Updated: Mar 27, 2020
Hopefully, the “A Message from our CEO” emails are almost over (praise be!) but what now? Email marketing during a crisis can feel like walking through a minefield. One tiny, totally innocent miss-step and bam, you look like an asshole.
I saw a very poignant tweet that pretty much summed up the past week of emails:
Let me start off by saying that if you are reading this post, you are most likely responsible or involved in the email marketing process at your company. And therefore, you deserve a huge virtual hug. What a brutal week, huh?
But I’m also going to be real with you. Errors were made. And errors continue to be made. So let’s regroup and do better.
It's easy to get caught up in the monster that is email marketing. Sometimes we forget that behind every email open is an individual and behind every click, a human being.
Empathy will be the key to your email marketing success, now and for forever.
The coronavirus may or may not be a business opportunity for your company, but trying to make it a marketing opportunity for your brand is just downright risky. Consumers are not stupid. They can smell desperation from a mile away. So if your #1 concern right now is you March and April numbers, it’s going to be a brutal next few months for you my friend…
At this point, your “our response to COVID-19” email has gone out. So what's next? Proceeding business, as usual, feels weird but continuously talking about out how gosh damn sad things are right now doesn't really make sense either.
So here’s how I'd tier and structure your marketing campaigns for the next several weeks:
Start with a brief acknowledgment of the current state - i.e. "A little good news to spark some joy" or " Like you, we're also transitioning to the new way of life.."
The meat of your email should provide fun/helpful/interesting content that is unique to your brand AND resonates with your audience - i.e. 5 must-see movies that require a bottle of bubbly on hand"
End with your offer - i.e Enjoy $1 shipping through x date
Once you have your theme, if you can confidently answer yes to these two questions, you’re email is probably good to go:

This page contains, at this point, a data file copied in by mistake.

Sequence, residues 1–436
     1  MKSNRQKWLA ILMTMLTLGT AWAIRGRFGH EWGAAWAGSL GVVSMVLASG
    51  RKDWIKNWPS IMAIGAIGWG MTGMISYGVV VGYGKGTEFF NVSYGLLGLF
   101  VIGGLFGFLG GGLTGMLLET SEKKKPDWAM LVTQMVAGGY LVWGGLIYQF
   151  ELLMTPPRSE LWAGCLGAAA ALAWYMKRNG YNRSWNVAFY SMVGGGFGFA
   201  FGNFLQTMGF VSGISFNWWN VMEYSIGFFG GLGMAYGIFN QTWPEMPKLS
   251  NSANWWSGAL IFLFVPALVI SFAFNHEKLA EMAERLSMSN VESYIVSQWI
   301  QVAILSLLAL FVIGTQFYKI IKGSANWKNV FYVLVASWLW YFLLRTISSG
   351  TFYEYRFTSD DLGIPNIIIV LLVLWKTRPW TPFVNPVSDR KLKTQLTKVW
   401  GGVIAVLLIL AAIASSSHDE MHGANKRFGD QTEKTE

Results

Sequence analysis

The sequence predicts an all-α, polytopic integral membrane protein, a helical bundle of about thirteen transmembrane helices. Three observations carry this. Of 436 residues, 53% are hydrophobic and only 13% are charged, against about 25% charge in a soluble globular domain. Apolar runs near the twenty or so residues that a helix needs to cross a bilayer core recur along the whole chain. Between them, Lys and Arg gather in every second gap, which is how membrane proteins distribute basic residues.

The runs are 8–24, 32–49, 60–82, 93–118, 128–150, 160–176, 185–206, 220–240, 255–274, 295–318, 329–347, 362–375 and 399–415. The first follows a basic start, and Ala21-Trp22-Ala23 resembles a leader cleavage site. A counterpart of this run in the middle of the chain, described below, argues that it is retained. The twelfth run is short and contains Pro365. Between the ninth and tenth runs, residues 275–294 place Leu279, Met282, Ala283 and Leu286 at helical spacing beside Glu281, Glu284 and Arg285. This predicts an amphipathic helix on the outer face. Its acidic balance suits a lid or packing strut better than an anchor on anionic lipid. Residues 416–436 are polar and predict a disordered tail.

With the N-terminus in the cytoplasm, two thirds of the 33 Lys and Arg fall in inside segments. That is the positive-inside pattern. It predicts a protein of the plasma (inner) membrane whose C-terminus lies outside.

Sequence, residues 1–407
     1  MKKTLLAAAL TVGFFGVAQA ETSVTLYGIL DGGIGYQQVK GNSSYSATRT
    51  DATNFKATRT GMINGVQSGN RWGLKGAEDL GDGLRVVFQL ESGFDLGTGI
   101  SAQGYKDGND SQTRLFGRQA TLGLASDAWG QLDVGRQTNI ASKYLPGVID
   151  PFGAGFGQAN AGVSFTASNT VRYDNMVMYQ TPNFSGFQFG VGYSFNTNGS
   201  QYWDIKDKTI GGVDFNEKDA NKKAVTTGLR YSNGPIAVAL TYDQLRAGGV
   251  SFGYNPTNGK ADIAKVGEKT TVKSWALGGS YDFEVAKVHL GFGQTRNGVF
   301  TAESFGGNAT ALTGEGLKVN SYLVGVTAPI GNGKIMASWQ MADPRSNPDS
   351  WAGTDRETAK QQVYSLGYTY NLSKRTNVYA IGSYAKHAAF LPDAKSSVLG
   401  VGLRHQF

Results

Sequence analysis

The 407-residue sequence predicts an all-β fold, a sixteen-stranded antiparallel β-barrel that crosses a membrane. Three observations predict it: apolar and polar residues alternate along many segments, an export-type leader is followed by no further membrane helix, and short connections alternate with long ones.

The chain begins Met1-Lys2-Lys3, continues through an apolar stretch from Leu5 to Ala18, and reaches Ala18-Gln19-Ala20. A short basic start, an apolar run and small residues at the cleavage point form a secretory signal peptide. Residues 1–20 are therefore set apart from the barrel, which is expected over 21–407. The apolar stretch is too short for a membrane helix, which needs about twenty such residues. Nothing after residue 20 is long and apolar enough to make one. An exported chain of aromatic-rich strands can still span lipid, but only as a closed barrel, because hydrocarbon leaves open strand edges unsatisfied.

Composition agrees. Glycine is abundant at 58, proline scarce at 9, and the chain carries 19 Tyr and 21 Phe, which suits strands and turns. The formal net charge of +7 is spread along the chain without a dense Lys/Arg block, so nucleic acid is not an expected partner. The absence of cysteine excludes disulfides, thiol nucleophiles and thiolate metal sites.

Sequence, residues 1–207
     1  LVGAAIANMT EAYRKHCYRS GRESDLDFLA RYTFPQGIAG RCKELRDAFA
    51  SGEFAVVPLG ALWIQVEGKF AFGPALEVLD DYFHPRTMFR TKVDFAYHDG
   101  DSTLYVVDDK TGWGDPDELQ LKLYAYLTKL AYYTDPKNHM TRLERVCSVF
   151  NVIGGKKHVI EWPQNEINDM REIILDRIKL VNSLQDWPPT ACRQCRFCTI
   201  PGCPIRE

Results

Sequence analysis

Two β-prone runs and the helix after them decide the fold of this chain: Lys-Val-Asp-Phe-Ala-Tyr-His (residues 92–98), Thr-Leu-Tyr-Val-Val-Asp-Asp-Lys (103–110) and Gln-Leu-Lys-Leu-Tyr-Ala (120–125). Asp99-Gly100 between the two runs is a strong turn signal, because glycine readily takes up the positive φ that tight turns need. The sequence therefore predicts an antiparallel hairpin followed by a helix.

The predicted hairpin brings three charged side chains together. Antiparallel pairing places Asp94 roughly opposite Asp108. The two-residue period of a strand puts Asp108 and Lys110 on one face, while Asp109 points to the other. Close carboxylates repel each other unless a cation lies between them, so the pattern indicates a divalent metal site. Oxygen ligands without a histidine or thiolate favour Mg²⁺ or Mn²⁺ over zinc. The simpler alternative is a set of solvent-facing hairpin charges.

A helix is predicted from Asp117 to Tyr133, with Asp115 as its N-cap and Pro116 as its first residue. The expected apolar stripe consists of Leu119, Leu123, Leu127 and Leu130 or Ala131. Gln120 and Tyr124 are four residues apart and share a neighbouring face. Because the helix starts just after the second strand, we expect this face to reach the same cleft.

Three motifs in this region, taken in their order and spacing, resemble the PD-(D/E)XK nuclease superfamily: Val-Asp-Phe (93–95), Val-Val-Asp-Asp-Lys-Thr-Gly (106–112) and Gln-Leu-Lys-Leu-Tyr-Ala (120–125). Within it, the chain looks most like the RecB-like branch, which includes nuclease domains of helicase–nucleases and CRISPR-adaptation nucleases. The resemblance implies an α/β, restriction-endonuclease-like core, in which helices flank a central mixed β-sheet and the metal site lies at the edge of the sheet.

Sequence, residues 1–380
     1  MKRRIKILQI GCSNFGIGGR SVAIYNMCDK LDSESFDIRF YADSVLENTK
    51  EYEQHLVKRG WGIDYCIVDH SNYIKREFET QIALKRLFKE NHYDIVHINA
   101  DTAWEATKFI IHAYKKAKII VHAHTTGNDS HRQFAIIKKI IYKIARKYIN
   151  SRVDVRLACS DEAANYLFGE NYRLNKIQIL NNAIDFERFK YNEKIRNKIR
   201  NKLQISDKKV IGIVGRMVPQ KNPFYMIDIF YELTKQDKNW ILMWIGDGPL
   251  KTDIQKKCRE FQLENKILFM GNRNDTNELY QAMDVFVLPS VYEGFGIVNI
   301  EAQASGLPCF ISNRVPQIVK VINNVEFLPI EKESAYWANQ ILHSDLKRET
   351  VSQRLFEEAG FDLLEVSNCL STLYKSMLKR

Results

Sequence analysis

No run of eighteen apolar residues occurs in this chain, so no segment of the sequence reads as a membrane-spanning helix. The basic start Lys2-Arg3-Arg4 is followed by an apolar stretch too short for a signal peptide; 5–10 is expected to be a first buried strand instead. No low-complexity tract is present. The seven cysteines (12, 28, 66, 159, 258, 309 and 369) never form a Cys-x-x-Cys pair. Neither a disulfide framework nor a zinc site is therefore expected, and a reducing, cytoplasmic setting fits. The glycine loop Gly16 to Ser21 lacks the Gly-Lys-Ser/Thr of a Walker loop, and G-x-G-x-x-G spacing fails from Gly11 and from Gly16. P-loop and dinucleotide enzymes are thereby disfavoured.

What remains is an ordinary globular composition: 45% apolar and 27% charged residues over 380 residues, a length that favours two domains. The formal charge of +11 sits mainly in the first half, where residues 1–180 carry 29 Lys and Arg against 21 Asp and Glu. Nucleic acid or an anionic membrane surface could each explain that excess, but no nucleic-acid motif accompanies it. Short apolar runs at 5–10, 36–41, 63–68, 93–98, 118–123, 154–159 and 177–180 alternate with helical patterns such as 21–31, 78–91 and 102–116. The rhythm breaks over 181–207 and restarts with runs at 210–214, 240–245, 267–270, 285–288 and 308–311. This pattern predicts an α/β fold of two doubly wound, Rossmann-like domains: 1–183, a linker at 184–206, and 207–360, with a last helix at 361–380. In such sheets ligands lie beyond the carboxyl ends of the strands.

Am I telling customers something different from other brands versus saying the same exact thing as everyone else?
Is the core message attuned to my customer's needs right now?
If you can’t, step back for a second and go back to the drawing board.
If you have a CEO or boss breathing down your neck to recoup major profit deficits via email marketing, it’s your job to remind them of the bigger picture. More is not better right now. In fact, it’s downright harmful, not just for your email program, but for your entire brand.
Four Final Tips:
Be Mindful of Your Subject Lines "Our NEW Spring Dresses Are Here!!!" elicits a different emotional response than "Need some good news? (Us too!). Remember, meet your peeps where they are right now. I talk about some free email marketing tools here, including some email subject line testers.
Check Your Drip Campaigns If you're being the good little email marketer that I know you are, you have some sweet drip campaign going. Take a peek at them just to make sure they are 1.) not tone and deaf, and 2.) still relevant.
Segment, Segment, Segment I've said it before and I'll say it again: Make segmenting a priority now more than ever. If Cathy activated on your recent promotion, leave Cathy be for a bit!
If You Can Do, Offer Free/Reduced Shipping Shipping costs are the #1 reason shoppers say "Later Gator!" to their cart. I think we can all agree the more barriers we can remove, the better. If you are able to eliminate this barrier, now is the time to do so.
Remember, there is a real human opening your email. They might be lonely, anxious, sad, or worse, sick. Crafting emails that meet them where they are will be a welcome distraction in a sea of email garbage. If you don’t believe me, take a look at your own inbox...
I encourage you to lead with empathy now more than ever and create emails that you yourself would be ok getting. I promise you you’ll be rewarded with so much brand loyalty your boss will forget how sad times March through (god know when) was.
About the Author: Founder. Dreamer. Master of None. It's been 9 years since Jules has been paying off her Master's Degree in Social Work loans—zero years of which have involved doing actual Social Work. Instead, she's built a career decoding the puzzle that is the internet and digital marketing. Experienced. Humble. Often burned by auto-correct. Jules created Rolling Hills Media so she could write her own rules and to help brands do the same.